Mr. Speaker, I thank my hon. colleague from Scarborough—Guildwood for that fine introduction. I know he is waiting with bated breath to see how we actually reflect on this motion.
I was just reading this motion. This is a motion that was put before the House on March 4, before the budget was tabled. I will read the part of it:
....while Canada is starting to recover from the global economic recession, the recovery is tentative and uncertain and the number one priority of Canadians remains jobs and economic growth, now and for the future.
I have been listening closely to some of the speeches today and that has been left out of many of the speeches, which I find very troubling. As we all know, later that day in this very House, the budget document was tabled, and its title is “Leading the Way on Jobs and Growth”. That is more than just ironic; that is a reflection of what this government believes is the number one priority for Canadians. I would encourage all members to remember that.
We were elected to represent our constituents, those who have jobs, those who want to have jobs, and those who have lost their jobs. That is why we are building economic growth, to make sure that the corporations are a fundamental part of this economy. As much as the NDP talks down our businesses, our corporations, it is they that create jobs.
The government's role is not to create jobs. It never has been and never should be. The government's role is to create an environment where corporations can prosper and they create the jobs. That is the fundamental difference between this party and at least the NDP. Sometimes the Liberals actually recognize that and we appreciate that.
Let us refer to the budget document, “Leading the Way on Jobs and Growth”. First of all, we reminded Canadians of our promise in the first year of the economic action plan, and that was to stimulate the economy. That was with taxpayers' money. We were very prudent with that money. It was spread out across this country equally to make sure that jobs were created.
As I said, that was our number one priority, to make sure that as few Canadians as possible actually lost their jobs. However, those who did would actually have a chance at being able to sustain their families until they got another job. We extended EI. We put in another very important piece in that puzzle and that was work sharing.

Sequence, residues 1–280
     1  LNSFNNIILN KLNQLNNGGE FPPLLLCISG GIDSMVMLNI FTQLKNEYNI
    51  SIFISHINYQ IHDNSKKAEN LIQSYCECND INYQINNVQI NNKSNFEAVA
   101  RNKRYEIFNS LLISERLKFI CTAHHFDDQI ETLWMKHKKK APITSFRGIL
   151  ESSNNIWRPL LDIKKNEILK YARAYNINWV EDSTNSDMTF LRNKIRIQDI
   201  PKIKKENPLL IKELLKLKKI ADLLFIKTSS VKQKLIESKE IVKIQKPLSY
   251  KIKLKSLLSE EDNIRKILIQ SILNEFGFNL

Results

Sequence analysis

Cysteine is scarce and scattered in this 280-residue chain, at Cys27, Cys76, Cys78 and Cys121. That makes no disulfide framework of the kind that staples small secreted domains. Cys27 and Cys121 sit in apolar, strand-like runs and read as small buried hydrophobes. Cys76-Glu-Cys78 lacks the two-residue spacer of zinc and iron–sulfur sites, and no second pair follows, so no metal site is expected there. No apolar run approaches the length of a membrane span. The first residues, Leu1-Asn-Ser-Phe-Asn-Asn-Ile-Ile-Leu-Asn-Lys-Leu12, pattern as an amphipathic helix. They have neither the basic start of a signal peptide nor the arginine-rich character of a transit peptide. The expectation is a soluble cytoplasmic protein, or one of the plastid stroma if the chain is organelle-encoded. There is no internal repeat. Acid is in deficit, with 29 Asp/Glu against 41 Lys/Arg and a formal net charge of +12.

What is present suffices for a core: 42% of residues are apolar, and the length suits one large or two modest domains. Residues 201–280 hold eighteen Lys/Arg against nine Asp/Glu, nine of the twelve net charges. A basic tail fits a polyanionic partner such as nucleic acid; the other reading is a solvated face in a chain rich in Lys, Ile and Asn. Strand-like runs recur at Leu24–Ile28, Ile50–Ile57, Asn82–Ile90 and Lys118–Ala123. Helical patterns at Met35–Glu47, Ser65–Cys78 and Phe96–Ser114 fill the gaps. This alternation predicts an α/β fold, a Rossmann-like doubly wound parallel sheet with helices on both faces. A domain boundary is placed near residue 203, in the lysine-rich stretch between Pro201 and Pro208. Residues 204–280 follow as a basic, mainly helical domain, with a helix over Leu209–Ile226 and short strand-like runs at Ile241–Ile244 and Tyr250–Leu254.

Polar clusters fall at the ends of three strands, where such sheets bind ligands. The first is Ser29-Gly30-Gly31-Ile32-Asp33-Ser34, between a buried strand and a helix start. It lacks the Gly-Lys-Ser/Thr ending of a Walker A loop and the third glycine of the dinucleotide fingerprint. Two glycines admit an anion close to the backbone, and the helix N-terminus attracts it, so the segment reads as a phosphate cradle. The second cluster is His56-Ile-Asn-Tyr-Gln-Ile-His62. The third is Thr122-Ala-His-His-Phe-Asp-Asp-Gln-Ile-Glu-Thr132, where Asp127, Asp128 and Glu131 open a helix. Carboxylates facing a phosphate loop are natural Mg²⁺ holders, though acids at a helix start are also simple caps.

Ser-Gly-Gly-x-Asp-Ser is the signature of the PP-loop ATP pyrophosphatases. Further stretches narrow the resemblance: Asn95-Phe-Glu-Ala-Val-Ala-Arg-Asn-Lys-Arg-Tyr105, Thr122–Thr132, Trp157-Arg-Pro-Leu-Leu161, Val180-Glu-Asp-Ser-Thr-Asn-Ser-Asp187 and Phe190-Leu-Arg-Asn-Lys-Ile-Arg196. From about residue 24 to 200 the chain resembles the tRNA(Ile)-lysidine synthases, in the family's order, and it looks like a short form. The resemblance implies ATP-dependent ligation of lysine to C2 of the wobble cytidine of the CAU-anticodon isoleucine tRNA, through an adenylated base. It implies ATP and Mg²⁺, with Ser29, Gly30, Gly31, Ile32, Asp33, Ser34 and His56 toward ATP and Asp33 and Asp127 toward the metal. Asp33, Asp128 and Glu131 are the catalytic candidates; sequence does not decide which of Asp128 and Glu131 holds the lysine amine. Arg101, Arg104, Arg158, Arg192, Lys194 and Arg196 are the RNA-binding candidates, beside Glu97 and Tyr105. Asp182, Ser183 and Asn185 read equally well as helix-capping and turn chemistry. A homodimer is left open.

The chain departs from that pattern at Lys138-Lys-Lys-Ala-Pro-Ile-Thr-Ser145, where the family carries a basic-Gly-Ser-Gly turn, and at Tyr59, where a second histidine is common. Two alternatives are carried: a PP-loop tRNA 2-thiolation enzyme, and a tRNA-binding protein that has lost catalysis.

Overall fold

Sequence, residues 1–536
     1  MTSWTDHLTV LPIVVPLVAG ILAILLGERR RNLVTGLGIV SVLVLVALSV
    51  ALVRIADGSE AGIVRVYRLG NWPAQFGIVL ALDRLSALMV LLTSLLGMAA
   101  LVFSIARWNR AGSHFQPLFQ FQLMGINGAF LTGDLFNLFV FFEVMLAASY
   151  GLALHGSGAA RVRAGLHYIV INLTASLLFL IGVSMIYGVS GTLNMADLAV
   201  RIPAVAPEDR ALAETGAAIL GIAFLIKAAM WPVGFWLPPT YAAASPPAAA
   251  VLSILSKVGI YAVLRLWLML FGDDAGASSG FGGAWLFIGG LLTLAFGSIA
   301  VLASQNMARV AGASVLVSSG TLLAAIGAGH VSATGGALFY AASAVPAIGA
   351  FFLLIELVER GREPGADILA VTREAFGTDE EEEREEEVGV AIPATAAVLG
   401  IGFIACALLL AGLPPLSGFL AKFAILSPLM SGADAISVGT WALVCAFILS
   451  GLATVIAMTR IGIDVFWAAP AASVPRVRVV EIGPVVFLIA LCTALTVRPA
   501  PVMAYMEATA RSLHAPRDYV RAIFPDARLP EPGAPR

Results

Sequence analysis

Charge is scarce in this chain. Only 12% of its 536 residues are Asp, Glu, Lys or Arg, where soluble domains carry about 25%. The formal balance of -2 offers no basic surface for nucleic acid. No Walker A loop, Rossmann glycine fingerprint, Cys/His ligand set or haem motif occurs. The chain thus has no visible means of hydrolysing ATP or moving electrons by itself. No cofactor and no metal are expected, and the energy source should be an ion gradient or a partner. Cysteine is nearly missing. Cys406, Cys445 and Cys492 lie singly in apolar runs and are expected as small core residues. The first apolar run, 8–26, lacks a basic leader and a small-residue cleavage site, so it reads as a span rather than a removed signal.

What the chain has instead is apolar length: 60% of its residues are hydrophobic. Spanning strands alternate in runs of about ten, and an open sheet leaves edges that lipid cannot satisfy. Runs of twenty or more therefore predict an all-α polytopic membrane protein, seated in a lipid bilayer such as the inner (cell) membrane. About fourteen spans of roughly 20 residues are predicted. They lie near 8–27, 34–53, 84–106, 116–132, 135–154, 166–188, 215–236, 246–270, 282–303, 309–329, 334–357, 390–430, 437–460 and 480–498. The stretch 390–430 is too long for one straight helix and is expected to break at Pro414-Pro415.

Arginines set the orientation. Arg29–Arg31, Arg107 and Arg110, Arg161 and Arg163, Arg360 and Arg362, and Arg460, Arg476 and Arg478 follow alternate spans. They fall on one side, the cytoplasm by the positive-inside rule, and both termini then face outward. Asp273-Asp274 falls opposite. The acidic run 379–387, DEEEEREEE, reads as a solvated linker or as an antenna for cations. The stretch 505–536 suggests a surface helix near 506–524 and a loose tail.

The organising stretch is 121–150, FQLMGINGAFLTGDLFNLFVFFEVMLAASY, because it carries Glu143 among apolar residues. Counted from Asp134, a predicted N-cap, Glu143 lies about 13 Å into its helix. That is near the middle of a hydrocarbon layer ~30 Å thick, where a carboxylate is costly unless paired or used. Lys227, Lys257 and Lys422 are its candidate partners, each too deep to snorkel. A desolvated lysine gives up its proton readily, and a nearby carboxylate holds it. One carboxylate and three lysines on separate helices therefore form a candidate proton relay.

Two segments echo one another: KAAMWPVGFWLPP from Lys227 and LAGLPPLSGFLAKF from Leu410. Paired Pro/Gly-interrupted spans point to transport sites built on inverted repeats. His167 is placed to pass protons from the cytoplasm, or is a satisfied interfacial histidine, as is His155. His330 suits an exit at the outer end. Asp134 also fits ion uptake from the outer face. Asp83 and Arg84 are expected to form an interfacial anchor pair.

As the finance minister and I travelled across the country in prebudget consultations, we heard from many firms that said they were seriously considering closing doors on some of their plants until they looked at the work-sharing opportunity. They kept those plants open and people's jobs were saved. Some of those plants are now back up to speed with full employment.
February's job numbers were released this morning and there is good news. We are not out of the woods but there are 21,000 new jobs. The February figures show gains of more than 60,000 in full-time jobs. That is exactly what our economic action plan year one was meant to do.
Now we are into year two. In year two we are going to continue with what we promised in the first year, and that is $19 billion in new stimulus to provide and create jobs. The other thing that we have said we are going to do and which was laid out in the budget document is we will be providing a limited number of targeted measures, once again to build jobs.
Phase three is about planning to return to budgetary balance. My constituents were more than thrilled to hear that.
My constituents are very conservative and most of them were troubled when we had to go into a deficit, but they understood that Canadians were losing their jobs, that it was very important that we step forward and made sure that the impact was as minimal as it could be on those people who lost their jobs. Now they are asking us and pleading with us to please get back to balance so that we do not pass on a deficit to our children and grandchildren.
Budget 2010 creates and protects jobs through these proposals. As I say, our work-sharing program is very successful. To date 225,000 jobs have been maintained because it was possible to share them with other workers.
We are supporting young workers through our internship and skills development program. That is one of the few things the Liberals raised as an issue. We listened to them. The finance minister and I sat down with the finance critics of all three parties and listened intently to what they had to offer. A good suggestion from the Liberals was to not forget youth employment. Therefore, we put in place a program for youth internship and skills development.
Innovation and training, education and research and development to create the jobs of tomorrow is what our future depends on. That is what our young people in university right now need to know, that the government is there to provide incentives for innovation so there will be new jobs in the future.
Another important item that we cannot forget, and on which we find the NDP members lacking in comprehension, is how keeping taxes low benefits jobs. Low taxes encourage growth and make us more competitive.